Examining this community’s experience in the Sandinista and post-Sandinista periods offers perspective on both processes of revolutionary transformation and their legacies in the neoliberal era. Gendered Scenarios of Revolution will engage graduate and undergraduate students and scholars in anthropology, sociology, history, and women’s and gender studies, and appeal to anyone interested in modern revolution and its aftermath.

Global Maya Cover

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Global Maya

Work and Ideology in Rural Guatemala

Liliana R. Goldín

In the central highland Maya communities of Guatemala, the demands ofthe global economy have become a way of life. This book explores how ruralpeoples experience economic and cultural change as their country joins theglobal market, focusing on their thoughts about work and sustenance as a way oflearning about Guatemala’s changing economy.

For more than a decade, Liliana Goldín observed in highland towns boththe intensification of various forms of production and their growing links towider markets. In this first book to compare economic ideology across a rangeof production systems, she examines how people make a living and how theythink about their options, practices, and constraints. Drawing on interviews andsurveys—even retellings of traditional narratives—she reveals how contemporaryMaya respond to the increasingly globalized yet locally circumscribed conditionsin which they work.

Goldín presents four case studies: cottage industries devoted to garmentproduction, vegetable growing for internal and border markets reached throughdirect commerce, crops grown for export, and wage labor in garment assemblyfactories. By comparing generational and gendered differences among workers,she reveals not only complexities of change but also how these complexities arereflected in changing attitudes, understandings, and aspirations that characterizepeople’s economic ideology. Further, she shows that as rural people take ondiverse economic activities, they also reinterpret their views on such mattersas accumulation, cooperation, competition, division of labor, and communitysolidarity.

Global Maya explores global processes in local terms, revealing the interplayof traditional values, household economics, and the inescapable conditions ofdemographic growth, a shrinking land base, and a global economy always lookingfor cheap labor. It offers a wealth of new insights not only for Maya scholarsbut also for anyone concerned with the effects of globalization on the Third World.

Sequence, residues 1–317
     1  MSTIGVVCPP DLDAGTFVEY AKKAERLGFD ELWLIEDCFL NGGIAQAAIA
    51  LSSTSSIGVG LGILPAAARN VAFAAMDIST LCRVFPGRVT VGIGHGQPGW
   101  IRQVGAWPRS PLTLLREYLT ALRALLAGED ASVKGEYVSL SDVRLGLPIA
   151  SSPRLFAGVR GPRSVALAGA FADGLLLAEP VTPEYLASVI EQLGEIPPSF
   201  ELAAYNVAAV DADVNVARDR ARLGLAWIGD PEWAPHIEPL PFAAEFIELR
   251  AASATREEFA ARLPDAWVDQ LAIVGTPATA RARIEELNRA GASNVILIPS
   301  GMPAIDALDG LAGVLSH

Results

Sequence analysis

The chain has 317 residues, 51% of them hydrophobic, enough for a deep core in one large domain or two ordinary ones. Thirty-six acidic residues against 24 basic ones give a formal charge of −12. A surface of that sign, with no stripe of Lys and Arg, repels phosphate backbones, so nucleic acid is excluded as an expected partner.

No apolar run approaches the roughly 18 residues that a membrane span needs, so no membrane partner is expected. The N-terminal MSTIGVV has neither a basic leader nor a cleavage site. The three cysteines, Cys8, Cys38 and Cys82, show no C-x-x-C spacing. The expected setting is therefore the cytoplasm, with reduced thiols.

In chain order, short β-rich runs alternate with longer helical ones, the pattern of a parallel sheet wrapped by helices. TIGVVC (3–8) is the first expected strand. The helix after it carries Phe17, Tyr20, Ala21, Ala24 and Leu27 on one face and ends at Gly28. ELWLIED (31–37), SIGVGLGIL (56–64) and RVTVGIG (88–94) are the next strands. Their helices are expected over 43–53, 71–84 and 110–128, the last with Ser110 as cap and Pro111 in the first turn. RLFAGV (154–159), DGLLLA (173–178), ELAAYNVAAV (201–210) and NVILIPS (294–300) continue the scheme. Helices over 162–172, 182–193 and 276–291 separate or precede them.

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The Gulf of California

biodiversity and conservation

Edited by Richard C. Brusca

Few places in the world can claim such a diversity of species as the Gulf of California (Sea of Cortez), with its 6,000 recorded animal species estimated to be half the number actually living in its waters. So rich are the Gulf’s waters that over a half-million tons of seafood are taken from them annually—and this figure does not count the wasted by-catch, which would triple or quadruple that tonnage. This timely book provides a benchmark for understanding the Gulf’s extraordinary diversity, how it is threatened, and in what ways it is—or should be—protected.

In spite of its dazzling richness, most of the Gulf’s coastline now harbors but a pale shadow of the diversity that existed just a half-century ago. Recommendations based on sound, careful science must guide Mexico in moving forward to protect the Gulf of California.

This edited volume contains contributions by twenty-four Gulf of California experts, from both sides of the U.S.–Mexico border. From the origins of the Gulf to its physical and chemical characteristics, from urgently needed conservation alternatives for fisheries and the entire Gulf ecosystem to information about its invertebrates, fishes, cetaceans, and sea turtles, this thought-provoking book provides new insights and clear paths to achieve sustainable use solidly based on robust science. The interdisciplinary, international cooperation involved in creating this much-needed collection provides a model for achieving success in answering critically important questions about a precious but rapidly disappearing ecological treasure.